The repetition of keywords over and over throughout your content and meta data once meant better rankings on Google. Those days are long gone. Although keywords are still relevant in today’s SEO sphere, the way they are being utilized in content creation has changed.
Google has become a lot better at understanding how users interact with the websites they are viewing. High quality, relevant content here is key. It’s often easy to tell when you’re are being pitched a product or service by an overly aggressive sales article. Instead, investing in content that is more user or audience based than brand based will be more beneficial, as users are more likely to engage with content that feels natural as opposed “salesy.”
The quality of the content ultimately affects user engagement. While engagement isn’t always easily measurable, it is highly valuable – both for you and in the eyes of the search engines. Writing useful, informative and interesting content that targets your specific keywords, will likely encourage people to promote it, share it and link back to it – all of which boosts your authority on the subject, and tells search engines like Google “Hey, look! This person knows what they’re talking about!” From start to finish, your content must be compelling. This includes a captivating headline, which will make readers want to read more (but avoid click bait!). Remember – a high rank doesn’t matter at all if your audience is not happy with their onsite experience.
Incorporating unique and relevant images and videos alongside your text content, can make your content much more user-experience focused, which can also help increase engagement. In 2016, a whopping 73% of content-creators are prioritizing creating more engaging content, and 55% are prioritizing more visual content. Think of some of the websites you visit regularly, how many are purely text based? My guess is not that many. The ones that consistently rank highly and most likely have a high engagement rate and high number of returning users are those with elements like quizzes, videos and images (Buzzfeed). Some of these quizzes may not have a particularly high word count, but they are entertaining, engaging and most of all, audience based. This leads to people sharing them all over social media, which ultimately boosts rankings.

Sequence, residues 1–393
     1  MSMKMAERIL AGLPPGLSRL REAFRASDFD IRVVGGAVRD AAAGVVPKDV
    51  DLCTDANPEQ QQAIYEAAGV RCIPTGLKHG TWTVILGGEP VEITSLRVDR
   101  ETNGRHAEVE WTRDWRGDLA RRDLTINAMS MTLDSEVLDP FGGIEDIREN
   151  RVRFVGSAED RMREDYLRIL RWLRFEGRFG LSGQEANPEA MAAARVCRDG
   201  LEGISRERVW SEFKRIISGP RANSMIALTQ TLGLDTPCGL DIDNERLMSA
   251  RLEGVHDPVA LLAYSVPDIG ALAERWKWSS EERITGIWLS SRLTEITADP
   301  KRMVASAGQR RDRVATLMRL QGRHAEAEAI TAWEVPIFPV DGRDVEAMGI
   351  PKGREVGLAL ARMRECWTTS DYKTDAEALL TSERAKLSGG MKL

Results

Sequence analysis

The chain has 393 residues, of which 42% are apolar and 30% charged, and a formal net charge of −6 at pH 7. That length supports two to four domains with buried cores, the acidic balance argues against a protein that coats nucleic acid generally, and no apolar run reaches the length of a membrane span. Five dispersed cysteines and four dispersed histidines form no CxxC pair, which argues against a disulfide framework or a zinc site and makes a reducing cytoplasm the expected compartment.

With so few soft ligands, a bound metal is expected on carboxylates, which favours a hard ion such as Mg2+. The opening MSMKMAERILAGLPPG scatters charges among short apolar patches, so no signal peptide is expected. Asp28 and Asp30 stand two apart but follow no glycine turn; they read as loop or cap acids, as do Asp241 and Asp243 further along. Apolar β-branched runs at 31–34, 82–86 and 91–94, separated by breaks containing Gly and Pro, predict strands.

Don’t let all that effort go to waste by not marketing it properly. As the old adage goes “What people say about you is more important than what you say about yourself”, and this is never truer than when it comes to trying to get your content to rank highly.
Google wants to know that other people are linking to you, and that they are using keywords related to your content in their link anchor text. This ties back to your keywords in your content. If what you’re writing about isn’t clear, people won’t be using the right words to link back to you. Making it public and sharing on social media is a great way to make people aware of your content.
Blog posts are an ideal way to focus on more long tail phrases, which really delve into the specifics of your topic or product. In fact, 52% of consumers say that reading blogs about certain products has impacted their decision to purchase and 19% of beauty buyers who make purchases based on blog reviews or posts say that they originally found the content via search. This doesn’t just apply to ecommerce, as 57% of marketers say they have gained new clients from blog posts, which just goes to show that content is relevant no matter what field you’re in.
The three main things to remember when creating content for your site are: quality, uniqueness and relevance. If you hit all three of these targets with your content, your visitors will be happy and more likely to share or link back to it. No one wants to link to poor-quality, repetitive and completely irrelevant content, be it stuffed full of keywords or not.